NOTE that just because SYSTEST writes back the same data as read does NOT mean that nothing is changed: Some devices like the DMA and video controllers use a 2-step sequence to write word data as separate bytes. Many devices have completely different meanings for the data that is read and written at the same address, such as Status when reading and Command when writing. So DO NOT mess around here if you don't know what you're doing!

The port address you enter will replace the 'LPT 1' header over the output Read and Write times, and will be shown with a 'b.' prefix, as in 'b.0310h'. The prefix indicates a 'byte' data size, which is typical for most I/O ports on a system.

By putting a 'w' before the specified address, you can tell SYSTEST to use word reads and writes at that address. This is useful for testing the speed of devices on the 16-bit ISA bus that support word transfers (not all do). Note that your system may add different numbers of wait states for 8-bit and 16-bit devices, so this allows you to see that.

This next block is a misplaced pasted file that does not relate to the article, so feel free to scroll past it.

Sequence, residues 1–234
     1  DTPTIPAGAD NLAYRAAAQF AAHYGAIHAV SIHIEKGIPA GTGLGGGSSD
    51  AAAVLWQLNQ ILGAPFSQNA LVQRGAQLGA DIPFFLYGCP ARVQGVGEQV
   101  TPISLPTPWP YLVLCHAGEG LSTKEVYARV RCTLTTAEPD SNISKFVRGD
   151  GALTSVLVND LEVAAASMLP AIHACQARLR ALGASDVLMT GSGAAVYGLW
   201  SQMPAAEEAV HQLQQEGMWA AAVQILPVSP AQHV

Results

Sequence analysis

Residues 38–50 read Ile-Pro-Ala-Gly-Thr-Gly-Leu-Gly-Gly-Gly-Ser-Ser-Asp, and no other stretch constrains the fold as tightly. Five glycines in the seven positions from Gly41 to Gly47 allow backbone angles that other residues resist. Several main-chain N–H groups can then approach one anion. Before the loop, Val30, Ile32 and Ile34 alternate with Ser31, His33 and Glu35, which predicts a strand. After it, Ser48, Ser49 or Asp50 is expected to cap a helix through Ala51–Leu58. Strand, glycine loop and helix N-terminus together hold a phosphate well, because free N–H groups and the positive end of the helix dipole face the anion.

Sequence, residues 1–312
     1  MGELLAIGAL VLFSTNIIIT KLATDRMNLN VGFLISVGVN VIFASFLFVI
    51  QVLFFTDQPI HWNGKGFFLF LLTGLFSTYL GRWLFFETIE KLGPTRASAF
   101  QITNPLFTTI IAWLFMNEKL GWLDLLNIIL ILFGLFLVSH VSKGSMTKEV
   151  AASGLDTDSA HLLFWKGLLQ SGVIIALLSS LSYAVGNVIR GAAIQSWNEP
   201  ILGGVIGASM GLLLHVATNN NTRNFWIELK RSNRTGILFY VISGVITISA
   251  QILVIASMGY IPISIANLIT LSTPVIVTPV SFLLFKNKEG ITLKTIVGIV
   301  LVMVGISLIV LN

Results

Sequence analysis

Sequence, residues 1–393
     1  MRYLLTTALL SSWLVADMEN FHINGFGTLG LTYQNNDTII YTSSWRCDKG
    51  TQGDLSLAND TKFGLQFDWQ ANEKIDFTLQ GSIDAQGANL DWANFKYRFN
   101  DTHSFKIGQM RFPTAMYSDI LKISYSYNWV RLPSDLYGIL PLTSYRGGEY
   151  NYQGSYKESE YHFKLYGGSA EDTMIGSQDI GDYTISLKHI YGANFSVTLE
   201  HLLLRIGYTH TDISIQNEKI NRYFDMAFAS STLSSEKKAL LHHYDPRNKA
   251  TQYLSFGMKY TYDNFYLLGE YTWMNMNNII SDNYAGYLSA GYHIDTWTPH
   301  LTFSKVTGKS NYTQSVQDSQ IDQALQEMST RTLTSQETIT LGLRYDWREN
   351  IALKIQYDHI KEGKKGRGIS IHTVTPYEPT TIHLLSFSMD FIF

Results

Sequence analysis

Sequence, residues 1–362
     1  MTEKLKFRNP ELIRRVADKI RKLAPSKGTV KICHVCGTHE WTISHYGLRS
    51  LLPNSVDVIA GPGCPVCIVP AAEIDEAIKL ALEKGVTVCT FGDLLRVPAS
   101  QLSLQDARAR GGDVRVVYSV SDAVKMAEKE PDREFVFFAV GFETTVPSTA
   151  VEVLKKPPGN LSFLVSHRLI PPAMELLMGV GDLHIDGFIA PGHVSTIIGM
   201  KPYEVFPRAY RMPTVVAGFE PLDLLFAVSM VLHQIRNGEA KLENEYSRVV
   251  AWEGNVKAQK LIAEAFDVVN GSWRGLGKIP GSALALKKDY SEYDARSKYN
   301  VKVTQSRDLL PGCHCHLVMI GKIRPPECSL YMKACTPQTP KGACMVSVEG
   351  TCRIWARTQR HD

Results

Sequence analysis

If you use the 'w' with an 8-bit port, the net effect is simply to perform back-to-back operations on the specified address and the one after it. The data read from each port will be written back to the proper port during the write test.

(Note: SYSTEST Version 2.00 still showed the 'b.' prefix in the header when 'w' was specified, even though it did indeed use word reads and writes. The header is properly updated in this Version 2.01.)

Finally, you can use standard DOS redirection to send the output of SYSTEST to a file. This is useful to gather information from different systems for later comparisons. Note that redirection will overwrite any file of the specified name without prompting you, so use caution when selecting a name.